The passage of Hurricane Maria left 16 dead according to the government's latest official figure. The Public Affairs Secretary of the Government of Puerto Rico, Ramon Rosario, told a press conference Monday that the number is expected to increase.
In addition, Rosselló reported that authorities have rescued 5,500 across the island.
Housing Department Secretary Fernando Gil Enseñat told local WAPA radio station that there were about 10,000 people in the public shelters before the hurricane, but now that figure has risen to 15,000.
The Federal Communications Commission (FCC) reported that 92.5 percent of Puerto Rico is without communications. Some hotels in San Juan have WhatsApp voice and text service, but outside the capital communication is virtually impossible.
This is how the electrical supply across the island looks at night, as observed before and after the hurricane.
Luis Muñoz Marín International Airport in San Juan is without air conditioning or power for the airline computer systems. The Puerto Rican daily El Nuevo Día reported that there are at least 800 stranded tourists. Many flights were cancelled and passengers told nothing was available until Friday.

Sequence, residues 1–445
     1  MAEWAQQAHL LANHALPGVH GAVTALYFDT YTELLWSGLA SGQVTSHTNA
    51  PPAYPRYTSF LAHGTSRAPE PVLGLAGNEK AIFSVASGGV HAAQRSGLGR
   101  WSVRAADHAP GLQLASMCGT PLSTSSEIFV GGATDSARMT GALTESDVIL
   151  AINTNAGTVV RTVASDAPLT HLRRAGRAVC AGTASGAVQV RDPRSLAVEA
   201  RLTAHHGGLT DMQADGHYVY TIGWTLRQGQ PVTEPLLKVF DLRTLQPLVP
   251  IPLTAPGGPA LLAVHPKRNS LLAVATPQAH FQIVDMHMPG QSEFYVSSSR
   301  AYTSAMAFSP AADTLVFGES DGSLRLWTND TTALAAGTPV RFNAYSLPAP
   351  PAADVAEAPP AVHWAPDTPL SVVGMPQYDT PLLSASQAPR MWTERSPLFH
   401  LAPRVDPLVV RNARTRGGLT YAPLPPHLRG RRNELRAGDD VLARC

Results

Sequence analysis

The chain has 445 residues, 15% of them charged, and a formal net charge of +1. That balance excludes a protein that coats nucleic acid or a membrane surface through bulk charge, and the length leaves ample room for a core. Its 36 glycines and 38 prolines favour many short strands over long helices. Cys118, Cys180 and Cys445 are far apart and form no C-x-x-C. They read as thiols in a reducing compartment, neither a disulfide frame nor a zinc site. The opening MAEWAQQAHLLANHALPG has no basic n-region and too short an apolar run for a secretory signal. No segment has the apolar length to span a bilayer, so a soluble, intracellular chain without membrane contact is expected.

Reporter David Begnaud of CBS toured the airport and spoke with people who said they had slept for three days on the floor waiitng for word of flights out. Would-be passengers fanned themselves as parents stripped small children of clothing due to the excessive heat.
"It's a sauna here ... There are no airline personnel on the counters ... there are thousands of people in here without food and water. There are people who need dialysis, medicines ... there are children here. This is inhuman," Begnaud reported from the terminal.
"It's inhumane" what's happening at the airport in San Juan, a nurse from Little Rock, Arkansas told me - they need food, water and fans. pic.twitter.com/Fcm3QBiMVB
— David Begnaud (@DavidBegnaud) 25 de septiembre de 2017
ATM cash machines are not working due to lack of electricity in most locations on the island. As a result, many people were running out of money and queuing for up to three hours at the bank branches that are open to get cash.
A curfew and a ban on alcohol have been extended indefinitely in order to reduce the risk of crime and looting. "Between 7 pm and 5 am everyone must be inside their homes," the government announced.
Some looting has been reported in shops and gas stations. About one hundred police officers were ordered to escort gasoline trucks in different areas of the island.
Food and water
The government has stressed the number one priority right now is assuring the distribution of food and water which is being made difficult to roads that were sept away or blocked by trees and fallen power lines.